MEET THE RESEARCHER
Noah R. Druckenbrod, Ph.D.
Druckenbrod received a Ph.D. in Cellular Biology and Neurobiology at the University of Wisconsin, Madison, and is now a postdoctoral fellow in the department of neurobiology at Harvard Medical School, Boston. A 2015 Emerging Research Grant scientist, he is the recipient of The Todd M. Bader Research Grant of The Barbara Epstein Foundation, Inc.
IN HIS WORDS:
The mature cochlea is a spiraled hollow chamber of bone, nestled next to the brain, that contains all the necessary components to transmit sound information to the brain.
This feat is accomplished through the organization of inner ear hair cells and spiral ganglion neurons (SGNs). Nerve cell fibers (axons) must transmit electrochemical information from the hair cells through precise synaptic connections whose arrangement is established in the fetus.
Surrounding almost all nerves are glial cells that are classically thought to support neuron health. Our early data and evidence from other studies lead us to hypothesize that how nerve cells interact with the glial tissue plays a major role in how signals guide nerve fibers through the three-dimensional terrain of the cochlea.
For example, glial cells and neurons not only attract one another but they also send signals back and forth to instruct one another’s cellular properties and behaviors. I am focusing on a glial cell type called Schwann cells.
Aspects of this research relate to cancer—and, relatedly, tinnitus. Schwann cell tumors, called schwannomas, are among the most common nervous system tumors in humans, and the most common tumors in the skull are schwannomas of the inner ear. As these tumors grow they compress vestibular and auditory nerves, usually causing hearing loss, tinnitus, and dizziness.
A fascinating property of Schwann cells is that they will begin to divide if they are not in contact with neurons. And a hallmark of inner ear schwannomas is that they appear to fail to interact with SGN axons. Therefore, the fetal cochlea offers a unique opportunity to better understand how auditory circuitry develops as well as how it can be disrupted by disease.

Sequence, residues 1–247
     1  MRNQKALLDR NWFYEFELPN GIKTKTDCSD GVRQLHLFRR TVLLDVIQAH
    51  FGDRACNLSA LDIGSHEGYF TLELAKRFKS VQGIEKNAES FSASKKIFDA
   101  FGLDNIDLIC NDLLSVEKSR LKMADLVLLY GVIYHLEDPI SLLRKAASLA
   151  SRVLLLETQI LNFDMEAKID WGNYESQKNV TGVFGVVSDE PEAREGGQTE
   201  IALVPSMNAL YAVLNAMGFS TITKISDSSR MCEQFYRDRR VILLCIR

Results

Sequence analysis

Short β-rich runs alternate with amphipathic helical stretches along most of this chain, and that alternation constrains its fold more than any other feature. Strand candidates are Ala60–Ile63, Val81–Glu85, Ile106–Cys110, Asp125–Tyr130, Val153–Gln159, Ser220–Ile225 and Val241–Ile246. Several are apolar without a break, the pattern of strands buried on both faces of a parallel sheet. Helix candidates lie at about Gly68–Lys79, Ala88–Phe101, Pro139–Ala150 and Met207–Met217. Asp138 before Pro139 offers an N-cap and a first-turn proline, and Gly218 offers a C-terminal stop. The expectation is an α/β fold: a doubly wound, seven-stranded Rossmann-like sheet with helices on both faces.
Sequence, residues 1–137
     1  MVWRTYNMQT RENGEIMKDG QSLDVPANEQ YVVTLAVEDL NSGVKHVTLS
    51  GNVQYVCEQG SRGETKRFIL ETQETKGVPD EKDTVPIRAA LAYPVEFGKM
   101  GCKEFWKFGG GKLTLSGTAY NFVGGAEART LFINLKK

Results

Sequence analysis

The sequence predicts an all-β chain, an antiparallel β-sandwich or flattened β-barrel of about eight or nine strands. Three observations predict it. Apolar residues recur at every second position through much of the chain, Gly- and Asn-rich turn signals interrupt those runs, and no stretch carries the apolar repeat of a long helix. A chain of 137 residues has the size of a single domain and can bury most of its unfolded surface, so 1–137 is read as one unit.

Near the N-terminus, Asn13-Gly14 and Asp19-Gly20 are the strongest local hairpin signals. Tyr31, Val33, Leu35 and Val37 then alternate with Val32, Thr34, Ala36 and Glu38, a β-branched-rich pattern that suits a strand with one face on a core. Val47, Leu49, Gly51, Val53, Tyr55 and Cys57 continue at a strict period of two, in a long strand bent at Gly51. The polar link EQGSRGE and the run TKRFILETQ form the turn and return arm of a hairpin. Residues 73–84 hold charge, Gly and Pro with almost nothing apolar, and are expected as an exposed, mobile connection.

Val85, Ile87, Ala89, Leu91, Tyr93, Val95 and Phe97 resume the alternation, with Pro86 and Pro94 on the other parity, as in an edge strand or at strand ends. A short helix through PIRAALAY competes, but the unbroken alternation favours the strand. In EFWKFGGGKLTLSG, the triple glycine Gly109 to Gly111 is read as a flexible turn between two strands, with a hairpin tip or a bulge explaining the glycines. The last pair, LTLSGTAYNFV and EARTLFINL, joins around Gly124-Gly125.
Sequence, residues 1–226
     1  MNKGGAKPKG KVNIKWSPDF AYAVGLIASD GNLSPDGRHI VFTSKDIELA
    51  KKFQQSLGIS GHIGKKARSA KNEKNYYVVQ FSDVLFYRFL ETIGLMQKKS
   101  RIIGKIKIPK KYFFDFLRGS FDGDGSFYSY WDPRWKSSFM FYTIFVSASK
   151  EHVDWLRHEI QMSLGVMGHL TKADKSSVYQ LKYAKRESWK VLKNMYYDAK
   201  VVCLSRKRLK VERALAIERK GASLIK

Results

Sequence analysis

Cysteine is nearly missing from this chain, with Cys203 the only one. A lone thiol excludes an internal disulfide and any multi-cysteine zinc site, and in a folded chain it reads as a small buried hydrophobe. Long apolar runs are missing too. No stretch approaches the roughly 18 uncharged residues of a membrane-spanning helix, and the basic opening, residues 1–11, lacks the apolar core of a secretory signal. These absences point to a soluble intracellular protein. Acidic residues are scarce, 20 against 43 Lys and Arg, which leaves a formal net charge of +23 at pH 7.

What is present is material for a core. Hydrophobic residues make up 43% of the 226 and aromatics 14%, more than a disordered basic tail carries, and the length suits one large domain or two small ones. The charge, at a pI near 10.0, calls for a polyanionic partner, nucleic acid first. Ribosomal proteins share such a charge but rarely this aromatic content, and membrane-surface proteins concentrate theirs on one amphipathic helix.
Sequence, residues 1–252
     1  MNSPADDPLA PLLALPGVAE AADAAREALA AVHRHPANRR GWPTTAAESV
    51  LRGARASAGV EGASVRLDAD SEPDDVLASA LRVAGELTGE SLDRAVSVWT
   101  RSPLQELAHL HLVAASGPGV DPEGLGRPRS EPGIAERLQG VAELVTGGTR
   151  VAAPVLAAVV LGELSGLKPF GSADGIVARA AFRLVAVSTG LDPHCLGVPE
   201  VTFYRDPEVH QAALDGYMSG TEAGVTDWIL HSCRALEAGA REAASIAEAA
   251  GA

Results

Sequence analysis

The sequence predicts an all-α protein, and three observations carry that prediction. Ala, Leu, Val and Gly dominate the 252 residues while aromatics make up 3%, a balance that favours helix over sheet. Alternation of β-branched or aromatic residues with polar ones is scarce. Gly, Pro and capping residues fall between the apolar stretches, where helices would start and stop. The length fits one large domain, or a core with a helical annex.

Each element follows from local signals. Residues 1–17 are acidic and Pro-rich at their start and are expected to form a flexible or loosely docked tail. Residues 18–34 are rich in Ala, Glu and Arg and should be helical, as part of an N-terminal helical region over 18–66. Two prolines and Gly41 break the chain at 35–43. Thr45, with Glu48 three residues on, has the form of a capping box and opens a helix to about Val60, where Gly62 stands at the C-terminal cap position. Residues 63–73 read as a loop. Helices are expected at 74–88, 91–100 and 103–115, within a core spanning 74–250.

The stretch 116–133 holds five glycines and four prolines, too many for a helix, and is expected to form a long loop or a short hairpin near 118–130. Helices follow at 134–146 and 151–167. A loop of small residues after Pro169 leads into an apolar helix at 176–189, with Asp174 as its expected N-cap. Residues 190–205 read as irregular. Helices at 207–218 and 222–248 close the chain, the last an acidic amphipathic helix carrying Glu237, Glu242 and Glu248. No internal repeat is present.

The thrill of discovery and figuring out the unknown has always inspired me. After some time enjoying all the sciences I became most interested in biology and health.
The first experiment of mine I can remember was in third grade for a science fair. At the time I was very interested in optical illusions and thought that left- and right-handed people may report seeing different images in a specific type of illusion. In this case I discovered that experiments don’t always work as planned! The results of the experiment were unclear because I couldn’t find enough left-handed people in my school.
You may have heard of “Ancient Aliens,” a funny show on the History Channel. About three years ago, as a favor to one of the producers I’d met, I appeared on a couple of episodes. It was a fun experience—but I was sure to make no scientifically dubious statements, unlike some of their other experts!
A 2015 Emerging Research Grant scientist, Noah R. Druckenbrod, Ph.D., grant was generously funded by The Barbara Epstein Foundation, Inc. To join Hearing Health Foundation in funding the innovative, groundbreaking work of emerging hearing and balance researchers, please see hhf.org/name-a-grant.